The building has also been certified New York’s first “Green” office tower. Nearly 30 percent of the structural steel used in the building consists of recycled material. Additionally rain water is collected and used to irrigate the park, as well as cool the building. Heating steam is even reused to generate some of the building’s power, which is metered in order to encourage tenants to conserve energy.


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Financial District Description

7 World Trade Center is located in the Financial District neighborhood of Manhattan. The financial hub of the United States, the seat of New York City government, and home to some of New York's oldest buildings, the Financial District has an illustrious history. 17th century settlers began building here, and given the many seafarers of the time, boats could be conveniently docked at one of the slips right near the settlements of wooden homes. Right nearby, in the heart of the district is Federal Hall, where George Washington was inaugurated as the first President of the United States in 1789, also the meeting site for the First Congress. New York City was both the capital of the United States and New York State at the time.

The street names reflect the district's fascinating history: Fulton Street, named after Robert Fulton, the inventor of the steamboat; Maiden Lane, originally called Magde Platje in Dutch; Beaver Street, recalling the once-significant beaver pelt trade, etc.

The area today houses some great economic powerhouses, including the headquarters of major banks, the New York Stock Exchange, in addition to the World Financial Center. Contrasts are extraordinary, from old two- and three-story old brick buildings near South Street Seaport to the nearby modern mega-skyscrapers. Some of the numerous other attractions include Fraunces Tavern, where George Washington bid farewell to his troops (also, they have a museum!); the newly-landscaped City Hall Park; the Museum of the American Indian and the US Custom House at Bowling Green; Trinity Church, the first parish church in New York City and the resting place of Alexander Hamilton and Robert Fulton, among others; War Of 1812 strong hold Castle Clinton; the Staten Island-bound South Ferry; Battery Park; and the Federal Reserve Bank. Sadly, the biggest attraction since 9/11 has been the former World Trade Center site, although, thankfully, construction has finally filled the long-standing gouge in Lower Manhattan's face, and the stunning 9/11 Memorial and its attendant museum are welcome signs of a healing city. And, of course, soaring a symbolic 1,776 feet over the memorial is the new 1 World Trade Center!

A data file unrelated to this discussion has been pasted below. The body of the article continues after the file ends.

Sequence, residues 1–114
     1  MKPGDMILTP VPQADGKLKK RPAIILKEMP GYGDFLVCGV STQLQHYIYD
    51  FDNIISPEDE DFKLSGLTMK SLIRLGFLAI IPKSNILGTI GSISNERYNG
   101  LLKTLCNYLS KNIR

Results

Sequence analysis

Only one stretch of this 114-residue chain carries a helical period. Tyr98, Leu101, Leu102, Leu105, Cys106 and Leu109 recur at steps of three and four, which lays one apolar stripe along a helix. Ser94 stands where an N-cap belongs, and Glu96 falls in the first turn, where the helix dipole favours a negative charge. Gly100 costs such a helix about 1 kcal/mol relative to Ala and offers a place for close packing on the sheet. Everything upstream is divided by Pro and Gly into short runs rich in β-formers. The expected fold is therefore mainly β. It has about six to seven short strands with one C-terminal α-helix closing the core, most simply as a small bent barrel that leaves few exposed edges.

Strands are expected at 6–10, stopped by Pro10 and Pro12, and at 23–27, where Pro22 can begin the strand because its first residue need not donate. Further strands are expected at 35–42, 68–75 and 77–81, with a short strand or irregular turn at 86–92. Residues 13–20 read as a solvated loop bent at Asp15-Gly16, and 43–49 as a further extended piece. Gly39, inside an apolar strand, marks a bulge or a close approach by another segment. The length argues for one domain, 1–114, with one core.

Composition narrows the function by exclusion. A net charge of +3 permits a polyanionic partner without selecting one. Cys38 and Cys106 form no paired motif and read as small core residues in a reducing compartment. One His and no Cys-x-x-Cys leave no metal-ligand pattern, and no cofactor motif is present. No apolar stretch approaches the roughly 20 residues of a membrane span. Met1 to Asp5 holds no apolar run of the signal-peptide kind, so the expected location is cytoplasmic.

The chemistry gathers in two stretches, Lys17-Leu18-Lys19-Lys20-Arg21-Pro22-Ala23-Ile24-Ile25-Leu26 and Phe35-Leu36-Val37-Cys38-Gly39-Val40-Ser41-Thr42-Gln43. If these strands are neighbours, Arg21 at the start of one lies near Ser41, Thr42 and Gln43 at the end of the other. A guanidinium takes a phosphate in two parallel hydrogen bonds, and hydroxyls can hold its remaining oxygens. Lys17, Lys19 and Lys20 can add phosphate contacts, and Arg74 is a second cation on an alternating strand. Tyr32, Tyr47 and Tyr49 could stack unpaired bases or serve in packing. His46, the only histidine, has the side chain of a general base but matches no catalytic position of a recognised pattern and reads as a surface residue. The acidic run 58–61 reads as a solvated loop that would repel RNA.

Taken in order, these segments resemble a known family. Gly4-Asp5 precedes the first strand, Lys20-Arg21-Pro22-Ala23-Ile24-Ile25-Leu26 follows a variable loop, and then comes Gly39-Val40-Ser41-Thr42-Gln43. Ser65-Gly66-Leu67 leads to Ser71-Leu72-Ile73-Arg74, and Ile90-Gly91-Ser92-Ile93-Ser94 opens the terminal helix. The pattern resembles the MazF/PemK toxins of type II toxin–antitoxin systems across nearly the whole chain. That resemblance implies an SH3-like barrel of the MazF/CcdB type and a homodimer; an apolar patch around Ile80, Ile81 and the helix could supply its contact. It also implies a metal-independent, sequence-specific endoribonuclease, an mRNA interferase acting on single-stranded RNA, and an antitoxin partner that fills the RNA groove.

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Info

250 Greenwich St.
New York, NY 10007
(212) 551-7355
Website

Editorial Rating

Nearby Subway

  • to Fulton Street
  • to World Trade Center
  • to Cortlandt Street
  • to Rector Street